Happy Eating!
Miss Ginsu

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4.04.2009

A Way with Les Conserves

On a trip to Paris a while back, I stopped in a bookshop on a quest for cookbooks. There were many fine volumes, but one in particular stood out as a must-have.

Les Conserves

Les Conserves is a glossy, photo-packed soft-cover (Produced by a French division of Reader's Digest! Why don't they make such lovely books for English readers?) is ideal for a French neophyte like me. Just look at this recipe for grape preserves.

Confiture de Raisins/Grape Preserves

You can see for yourself that the recipes in Les Conserves are supporting players to the photography. An interested cook can look over these images and gain insights on preparation, presentation and usage information in just a few seconds before deciding whether to invest a number of minutes processing the written details.

As much as I love words (I do make my living from them), I wonder if more cookbooks shouldn't handle instructions visually.

There's already been so much said about how we eat with our eyes, but the great majority of serious cookbooks contain little more than a centerfold of finished dishes in limited-utility glamour shots (if they contain photographs at all).

The cookbooks that do contain lots of photography and illustration seem to aim more at the coffee-table book audience than the folks who really want to learn to cook. So where, I ask, are the genre of serious instructional cookbooks that embrace the visual presentation of the useful as well as the lovely?

Well, perhaps they're in France. Perhaps they're made by Reader's Digest.

Have a look at the way the ingredients for the Grape Preserves are laid out for prospective cooks here. It's as if they really do want to instruct and inspire.

Ingredients

For those who read even less French than I, I'll offer a translation of the recipe in question:
Grape Preserves -Confiture de Raisins (Makes 1.25 liters/5.3 cups)

1 kg (2 lb) green or red grapes, plucked
2 lemons, cut in halves and sliced thin
3 cups granulated sugar
1 cup pecans, lightly toasted
1/2 cup cognac brandy

1. Put the grapes, lemons and sugar in a saucepan. Mix well, cover and let sit for a few hours to let the fruit macerate.
2. Bring to a boil, then cook on medium heat 1 hour to 1 hour, 30 minutes, stirring frequently so that the bottom does not stick.
3. It is unnecessary to test the degree of gelatin for this jam; it is ready when a wooden spoon pulled over the surface leaves a wake.
4. Remove the pot from heat and let the jam stand for a few minutes before putting it in jars (this prevents the fruit from falling to the bottom). Add, in turn, pecans and cognac. Ladle the mixture into sterilized hot jars, then seal with lids.
Cookbook rant done, and I hope you've enjoyed these peeks into Les Conserves.

I'm going to spend the rest of the week focusing on preserves of one type or another. Thrift and handmade charm seem to make them an appropriate topic for this year.

Cheers!
Miss Ginsu

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3.29.2009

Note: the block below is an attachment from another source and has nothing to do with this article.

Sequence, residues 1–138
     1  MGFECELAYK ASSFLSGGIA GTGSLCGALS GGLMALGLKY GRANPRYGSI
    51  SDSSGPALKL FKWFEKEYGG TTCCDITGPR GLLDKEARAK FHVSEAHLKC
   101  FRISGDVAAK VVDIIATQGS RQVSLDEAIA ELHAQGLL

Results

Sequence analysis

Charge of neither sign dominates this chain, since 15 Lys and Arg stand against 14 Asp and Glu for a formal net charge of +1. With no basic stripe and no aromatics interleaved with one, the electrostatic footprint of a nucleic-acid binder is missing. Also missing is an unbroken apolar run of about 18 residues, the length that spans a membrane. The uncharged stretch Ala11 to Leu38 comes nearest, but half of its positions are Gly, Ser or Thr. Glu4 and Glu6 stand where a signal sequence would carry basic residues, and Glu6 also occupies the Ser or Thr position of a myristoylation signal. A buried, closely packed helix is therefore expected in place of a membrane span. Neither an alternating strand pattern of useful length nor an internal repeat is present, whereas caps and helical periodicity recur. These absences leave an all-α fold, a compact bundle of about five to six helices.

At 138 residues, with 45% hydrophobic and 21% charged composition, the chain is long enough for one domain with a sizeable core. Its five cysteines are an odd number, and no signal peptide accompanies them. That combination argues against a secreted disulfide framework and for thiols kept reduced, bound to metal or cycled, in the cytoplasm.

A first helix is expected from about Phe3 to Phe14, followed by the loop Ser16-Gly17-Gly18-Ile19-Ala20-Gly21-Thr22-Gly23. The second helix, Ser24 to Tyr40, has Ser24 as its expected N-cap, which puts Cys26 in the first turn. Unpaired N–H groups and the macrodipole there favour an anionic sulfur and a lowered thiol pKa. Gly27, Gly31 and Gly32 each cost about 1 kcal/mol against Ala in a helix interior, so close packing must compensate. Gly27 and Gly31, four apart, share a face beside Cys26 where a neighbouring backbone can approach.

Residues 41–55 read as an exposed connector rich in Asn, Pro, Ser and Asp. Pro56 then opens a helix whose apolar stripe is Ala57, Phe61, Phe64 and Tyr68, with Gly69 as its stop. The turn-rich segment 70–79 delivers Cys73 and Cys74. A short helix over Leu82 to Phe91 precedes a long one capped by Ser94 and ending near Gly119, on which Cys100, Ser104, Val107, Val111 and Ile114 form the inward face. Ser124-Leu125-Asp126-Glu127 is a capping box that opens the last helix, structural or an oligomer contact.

Oh, Yes... Apricots!

Apricots

Goodness! What's to be done with three pounds of apricots?

Well, you could eat apricots until you never care to see another apricot again. There's also salads, crisps, tarts, jams, pickles and purées, of course.

But what of chutney? Sweet, savory, spicy and simple. You really can't go wrong with a few pints of chutney stacked in storage.

It's fantastic straight up on lamb, chicken, pork, salmon or duck, you can thin it a bit for a glaze or a fruit salad drizzle, mix up a tablespoon with a bit of canola oil and cider vinegar for a first-rate vinaigrette.

It'd be fun on vanilla ice cream or in a tart. Not to mention a pairing with cheese. A blue, perhaps? A friendly goat?

Here's my version...
Apricot-Ginger Chutney

3 Tbsp canola oil
1 dried chili
2 cinnamon sticks
5 star anise
1 large onion, minced
3" piece fresh ginger, chopped
2 cups sake (or dry white wine)
3 lbs fresh apricots, pitted & quartered
1 1/2 Tbsp ground, dried ginger
1 1/2 Tbsp ground black pepper
1/4 c rice vinegar (or to taste)
3 T brown sugar (or to taste)
1/2 Tbsp salt (or to taste)

1. Heat the canola oil with the chili, cinnamon and star anise (no more than 1-2 minutes).
2. Add in the onion and cook for 2-3 minutes.
3. Add in the ginger and cook for 2-3 minutes more.
4. Pour in the sake/wine and add apricot slices. Simmer until the apricots are tender. (Simmer a bit less if you like a chunkier chutney.) Blend in the pepper and dried ginger.
5. Strain the mixture through a colander, reserving juices. Pick out the spices and discard. Pour the reserved juices back to the pot and simmer, stirring occasionally, until thick and bubbly (about 15-20 minutes).
6. Taste the thickened chutney liquid, adjusting the acid-sweetness-salt balance with a touch of rice vinegar, sugar and/or salt.
7. Incorporate the apricot pulp in the colander into the liquid in the pot. Transfer to sterilized jars (if you're canning), or cool the mixture and transfer it to prepared pint containers (for short-term refrigeration or longer-term freezing).

Makes enough to fill three pint containers, and takes around an hour from start to finish. Slap a cute homemade label on the jar, and it's great for gifting!

Happy Eating!
Miss Ginsu

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8.24.2005